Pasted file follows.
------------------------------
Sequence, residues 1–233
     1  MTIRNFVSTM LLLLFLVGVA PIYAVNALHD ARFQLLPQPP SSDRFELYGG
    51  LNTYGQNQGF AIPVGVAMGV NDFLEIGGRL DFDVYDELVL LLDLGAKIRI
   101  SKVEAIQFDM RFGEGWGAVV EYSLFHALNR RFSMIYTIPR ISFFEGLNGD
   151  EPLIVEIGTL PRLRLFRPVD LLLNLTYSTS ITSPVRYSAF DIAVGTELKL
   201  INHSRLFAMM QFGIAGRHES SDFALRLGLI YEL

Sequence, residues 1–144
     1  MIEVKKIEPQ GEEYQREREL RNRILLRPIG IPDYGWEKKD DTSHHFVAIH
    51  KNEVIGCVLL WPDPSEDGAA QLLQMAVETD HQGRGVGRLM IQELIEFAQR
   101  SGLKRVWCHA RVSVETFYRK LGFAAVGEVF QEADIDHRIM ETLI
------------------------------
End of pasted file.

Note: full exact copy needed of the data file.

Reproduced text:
Sequence, residues 1–233
     1  MTIRNFVSTM LLLLFLVGVA PIYAVNALHD ARFQLLPQPP SSDRFELYGG
    51  LNTYGQNQGF AIPVGVAMGV NDFLEIGGRL DFDVYDELVL LLDLGAKIRI
   101  SKVEAIQFDM RFGEGWGAVV EYSLFHALNR RFSMIYTIPR ISFFEGLNGD
   151  EPLIVEIGTL PRLRLFRPVD LLLNLTYSTS ITSPVRYSAF DIAVGTELKL
   201  INHSRLFAMM QFGIAGRHES SDFALRLGLI YEL

Sequence, residues 1–144
     1  MIEVKKIEPQ GEEYQREREL RNRILLRPIG IPDYGWEKKD DTSHHFVAIH
    51  KNEVIGCVLL WPDPSEDGAA QLLQMAVETD HQGRGVGRLM IQELIEFAQR
   101  SGLKRVWCHA RVSVETFYRK LGFAAVGEVF QEADIDHRIM ETLI